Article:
Have you ever worried that you’re not meeting someone’s needs or had times you were afraid to express your needs?

Thoughts like these usually make me think of the opening scene of the 1960s Avengers episodes with the spy duo Emma Peel and John Steed.

These scenes always began with Steed letting Mrs. Peel know that they were needed for an assignment.

He used clever ways to do this, as you can see in this montage of opening scenes (and check out those yellow ankle boots at the 5:15 mark):

I like these “Mrs Peel, We’re Needed” scenes because:

*You never see Mrs. Peel wringing her hands, wondering if anyone needs her. She’s comfortable hanging out in the science lab, practicing fencing, working on a painting, etc.

*Mrs. Peel herself isn’t needy – other than that one scene where she lets Steed know via a rubber duck that he’s needed. In the fight scenes she saves him as much as he saves her.

*Steed isn’t afraid to express that he needs her but does it in such a creative way that she smiles…he’s able to make her feel appreciated in the way he asks for her help. A simple “you’re needed” is often all it takes.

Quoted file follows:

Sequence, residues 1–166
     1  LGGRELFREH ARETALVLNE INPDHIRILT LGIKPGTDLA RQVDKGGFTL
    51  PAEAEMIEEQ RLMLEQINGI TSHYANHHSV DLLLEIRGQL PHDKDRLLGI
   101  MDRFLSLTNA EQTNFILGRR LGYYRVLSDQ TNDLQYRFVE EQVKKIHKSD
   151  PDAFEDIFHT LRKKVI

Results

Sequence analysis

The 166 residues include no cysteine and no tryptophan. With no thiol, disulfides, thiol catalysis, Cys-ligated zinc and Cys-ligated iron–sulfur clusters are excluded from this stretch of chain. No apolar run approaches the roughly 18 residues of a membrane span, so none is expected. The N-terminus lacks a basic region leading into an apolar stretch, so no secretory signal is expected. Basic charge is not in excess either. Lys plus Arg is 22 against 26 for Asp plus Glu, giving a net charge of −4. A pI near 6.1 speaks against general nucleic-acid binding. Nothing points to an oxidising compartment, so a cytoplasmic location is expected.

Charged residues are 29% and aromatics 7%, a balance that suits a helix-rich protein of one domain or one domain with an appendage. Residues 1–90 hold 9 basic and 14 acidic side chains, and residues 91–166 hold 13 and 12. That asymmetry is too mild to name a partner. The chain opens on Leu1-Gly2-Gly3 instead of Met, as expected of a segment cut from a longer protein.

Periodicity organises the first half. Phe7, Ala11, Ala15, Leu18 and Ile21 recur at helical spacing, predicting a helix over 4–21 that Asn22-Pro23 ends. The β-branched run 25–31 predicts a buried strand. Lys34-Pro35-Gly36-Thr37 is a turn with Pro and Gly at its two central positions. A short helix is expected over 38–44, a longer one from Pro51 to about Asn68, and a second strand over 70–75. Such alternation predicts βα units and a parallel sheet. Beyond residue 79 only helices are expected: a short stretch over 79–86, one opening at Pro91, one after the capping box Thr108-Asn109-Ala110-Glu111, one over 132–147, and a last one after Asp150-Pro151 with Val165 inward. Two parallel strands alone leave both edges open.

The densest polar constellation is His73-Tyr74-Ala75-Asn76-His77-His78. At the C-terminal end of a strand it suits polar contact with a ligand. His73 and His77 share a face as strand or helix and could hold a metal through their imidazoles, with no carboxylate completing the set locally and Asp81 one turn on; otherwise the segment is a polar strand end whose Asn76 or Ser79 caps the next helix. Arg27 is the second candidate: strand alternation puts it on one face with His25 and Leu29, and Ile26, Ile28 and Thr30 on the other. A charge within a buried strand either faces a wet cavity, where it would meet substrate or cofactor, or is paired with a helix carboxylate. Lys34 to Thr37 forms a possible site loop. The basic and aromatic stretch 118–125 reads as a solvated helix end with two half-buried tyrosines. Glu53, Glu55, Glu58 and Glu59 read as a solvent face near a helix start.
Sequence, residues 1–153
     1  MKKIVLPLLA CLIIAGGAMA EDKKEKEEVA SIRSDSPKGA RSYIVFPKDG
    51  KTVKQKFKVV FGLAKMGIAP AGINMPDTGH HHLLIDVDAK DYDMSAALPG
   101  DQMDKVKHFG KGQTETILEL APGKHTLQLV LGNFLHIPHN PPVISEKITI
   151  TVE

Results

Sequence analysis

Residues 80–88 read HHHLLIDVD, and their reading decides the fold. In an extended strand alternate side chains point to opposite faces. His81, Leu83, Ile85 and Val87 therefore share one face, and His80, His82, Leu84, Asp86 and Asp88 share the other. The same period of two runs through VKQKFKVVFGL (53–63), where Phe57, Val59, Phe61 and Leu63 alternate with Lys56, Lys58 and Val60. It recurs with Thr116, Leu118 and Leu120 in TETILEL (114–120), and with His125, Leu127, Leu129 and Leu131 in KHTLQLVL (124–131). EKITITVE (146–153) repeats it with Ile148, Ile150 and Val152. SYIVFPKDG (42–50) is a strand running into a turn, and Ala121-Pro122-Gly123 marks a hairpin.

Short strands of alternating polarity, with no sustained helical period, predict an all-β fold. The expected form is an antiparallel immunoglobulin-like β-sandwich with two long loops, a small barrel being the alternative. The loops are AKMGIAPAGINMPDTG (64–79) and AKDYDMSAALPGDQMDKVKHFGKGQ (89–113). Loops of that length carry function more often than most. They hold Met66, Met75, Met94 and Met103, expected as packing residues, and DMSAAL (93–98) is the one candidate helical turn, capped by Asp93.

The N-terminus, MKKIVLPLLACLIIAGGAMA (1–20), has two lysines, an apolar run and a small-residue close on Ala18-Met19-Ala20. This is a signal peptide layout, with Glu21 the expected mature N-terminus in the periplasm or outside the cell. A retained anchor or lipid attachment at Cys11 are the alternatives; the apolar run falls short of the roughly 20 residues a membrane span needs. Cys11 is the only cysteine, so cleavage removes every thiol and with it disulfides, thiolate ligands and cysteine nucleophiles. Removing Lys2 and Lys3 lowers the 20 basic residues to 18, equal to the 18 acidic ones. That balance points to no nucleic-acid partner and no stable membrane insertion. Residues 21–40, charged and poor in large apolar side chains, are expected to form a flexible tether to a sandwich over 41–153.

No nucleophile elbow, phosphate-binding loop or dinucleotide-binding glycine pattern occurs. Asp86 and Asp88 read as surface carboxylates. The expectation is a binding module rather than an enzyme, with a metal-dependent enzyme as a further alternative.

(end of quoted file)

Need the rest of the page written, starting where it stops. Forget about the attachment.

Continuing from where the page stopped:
A final thought about needs: if no one has said, “you’re needed” yet you still think you should offer help, stop and ask yourself if your desire to help is simply because you want to feel needed. If so, your help might not be all that helpful.

It can be hard to wait for the “you’re needed” summons. You could always take up fencing to help pass the time…

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If I was in charge of meetings…

There’s no avoiding meetings completely, even if you don’t work at a corporation.

I spent two evenings this week at meetings and I was reminded yet again how inefficient meetings always are.

Meetings are among the worst forms of communication because they don’t encourage true listening or actual conversation.

This classic “ad” would apply to most meetings:

If I was in charge of meetings, here’s what I would implement (many of these ideas come from Seth Godin, with several of my own thrown in):